So last weekend was CEREC Asia’s annual event, a culmination of what we had worked toward throughout the 2017 calendar year.
Amidst the various special topics on digital dentistry, there was one clinical case that was of particular interest: the non-prep CAD/CAM ultrathin veneer.
Personally, I’m not too fond of these non-prep (or minimal-prep) principles because they either have very niche applications or require a balance of structural integrity. They also take a hell of a lot more work than typical veneers both before and after delivery, and frankly, I’m a pretty lazy guy.
Besides, everybody knows that milled ceramics have their limits, right?
Then on that fateful day, I saw this on my Facebook feed. It was a friendly jab from a master dentist who does some amazing restorations, albeit without CAD/CAM.
What have you done… As soon as I saw those simple words, my heart sank. Perhaps because I knew a certain dentist, who will remain anonymous (it’s Michael), who will not take these challenges lightly, jokes or not. Sure enough, the next day he volunteered me to take on the seemingly impossible task of replicating the same result but with CAD/CAM. In theory, I could’ve said no to the boss, but then I like having a job.
So with less than two months left to our annual event, we had to somehow figure out a way to create a milled ultra-thin veneer. But just how thin is ultra-thin?
“150 microns ought to be enough”
If you’ve ever taken a close look at how ceramic milling works, you might be surprised that it works successfully at all; coarse diamonds strike violently at brittle glass, all at incredible speeds. But not all ceramics are created equal, so the first thing we needed to figure out is how thin each type of ceramic can be milled without chipping at the margins.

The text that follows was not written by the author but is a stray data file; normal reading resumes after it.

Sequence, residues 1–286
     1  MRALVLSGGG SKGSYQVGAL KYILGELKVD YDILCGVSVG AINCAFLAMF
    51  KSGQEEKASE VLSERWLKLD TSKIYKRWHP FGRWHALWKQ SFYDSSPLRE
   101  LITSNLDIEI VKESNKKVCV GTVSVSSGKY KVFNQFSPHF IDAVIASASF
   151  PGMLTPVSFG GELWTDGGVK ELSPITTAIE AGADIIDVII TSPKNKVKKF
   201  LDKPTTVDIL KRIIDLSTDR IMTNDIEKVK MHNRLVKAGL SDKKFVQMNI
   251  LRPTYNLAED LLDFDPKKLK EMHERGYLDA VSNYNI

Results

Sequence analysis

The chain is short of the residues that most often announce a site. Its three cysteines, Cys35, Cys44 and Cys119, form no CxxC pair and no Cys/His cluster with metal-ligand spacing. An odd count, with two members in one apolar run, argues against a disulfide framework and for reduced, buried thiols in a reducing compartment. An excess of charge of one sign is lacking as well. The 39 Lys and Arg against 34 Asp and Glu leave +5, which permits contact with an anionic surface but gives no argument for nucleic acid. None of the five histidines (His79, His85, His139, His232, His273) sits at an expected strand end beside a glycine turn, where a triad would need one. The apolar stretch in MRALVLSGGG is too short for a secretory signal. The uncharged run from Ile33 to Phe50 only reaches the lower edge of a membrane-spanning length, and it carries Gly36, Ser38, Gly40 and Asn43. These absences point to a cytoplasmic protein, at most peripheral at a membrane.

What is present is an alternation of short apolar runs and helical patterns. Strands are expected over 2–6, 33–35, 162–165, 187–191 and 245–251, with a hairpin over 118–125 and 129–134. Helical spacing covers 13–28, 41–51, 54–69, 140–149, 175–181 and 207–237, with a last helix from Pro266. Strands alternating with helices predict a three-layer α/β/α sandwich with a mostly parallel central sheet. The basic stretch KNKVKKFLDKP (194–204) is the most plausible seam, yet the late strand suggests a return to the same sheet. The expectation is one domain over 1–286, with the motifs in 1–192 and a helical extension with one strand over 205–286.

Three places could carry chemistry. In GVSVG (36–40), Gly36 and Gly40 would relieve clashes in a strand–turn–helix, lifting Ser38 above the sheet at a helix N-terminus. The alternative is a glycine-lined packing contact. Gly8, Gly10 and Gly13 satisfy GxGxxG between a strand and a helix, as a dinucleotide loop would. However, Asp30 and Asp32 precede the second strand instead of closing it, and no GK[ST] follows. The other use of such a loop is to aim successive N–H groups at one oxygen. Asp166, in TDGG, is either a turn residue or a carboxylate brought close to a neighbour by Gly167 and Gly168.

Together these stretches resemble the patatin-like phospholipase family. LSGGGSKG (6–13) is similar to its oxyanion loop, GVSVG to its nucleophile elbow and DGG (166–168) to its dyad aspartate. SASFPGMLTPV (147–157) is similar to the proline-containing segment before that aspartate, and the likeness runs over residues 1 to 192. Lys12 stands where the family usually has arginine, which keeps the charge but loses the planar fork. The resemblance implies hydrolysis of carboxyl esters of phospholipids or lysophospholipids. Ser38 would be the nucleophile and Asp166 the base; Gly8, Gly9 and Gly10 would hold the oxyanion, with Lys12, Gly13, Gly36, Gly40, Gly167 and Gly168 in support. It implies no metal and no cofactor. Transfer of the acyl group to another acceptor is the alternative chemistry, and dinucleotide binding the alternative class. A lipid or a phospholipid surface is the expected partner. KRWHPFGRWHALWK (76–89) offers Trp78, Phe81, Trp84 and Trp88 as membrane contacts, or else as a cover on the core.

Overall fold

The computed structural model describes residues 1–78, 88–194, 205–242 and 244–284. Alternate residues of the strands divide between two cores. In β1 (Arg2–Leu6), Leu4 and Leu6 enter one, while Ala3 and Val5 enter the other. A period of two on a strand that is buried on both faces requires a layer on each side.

After bleeding a mountain of cash, we got a pretty good idea of what each type of ceramic is able to handle, and which of their corresponding marginal designs are optimal.
Our results have not yet gone through rigorous scientific validation, but of more than a dozen different ceramic blocks that we tested, we found that Enamic performed the most consistent. This was especially true for sub-200 micron restorations. It was time to put our theory to the test.
Not gonna lie, it was a big surprise to find that non-prep veneers are actually quite doable as a single-visit CEREC treatment option.
At our training center, one of our primary tasks is to standardize and optimize new workflows. So while this first case took an entire day due to trials and errors, we have already cut down the time needed by more than half in subsequent cases.
So what began as a challenge, became an obsession, became a team effort, and then eventual reality. On behalf of CEREC Asia, I would like to thank all the crazy dental professionals who contributed to this fun project.
Hsuan is a lecturer at CEREC Asia Training Facility. He is from Vancouver, Canada, and is a big fan of prosthodontics and profanity.
Great article, what do you think about cerasmart ?
Thanks! I also did a whole write-up and analysis on Cerasmart here. Enjoy!
Do you know where I could get work done like the case outlined in the “How thin is thin?” article (ultra thin non-prep/minimal prep veneers?)
If you’re a dentist working with CEREC then it’s already quite possible with a little practice! Drop me a msg on Facebook and we can discuss the methodology further.
Stunning result, thank you for sharing, we have Cerec office and Inlab, how can we get online training for creating ultra thin restorations.
Hello, beautiful case. And what about milling strategies? Do you use extra-fine burs? Many thanks
Thanks for you comment! Since this was an older case, we didn’t know a lot of different milling strategies back then. We used extra-fine burs for sure. But the secret is in the geometry of the veneer margin 🙂
Many thanks for your reply, congratulations again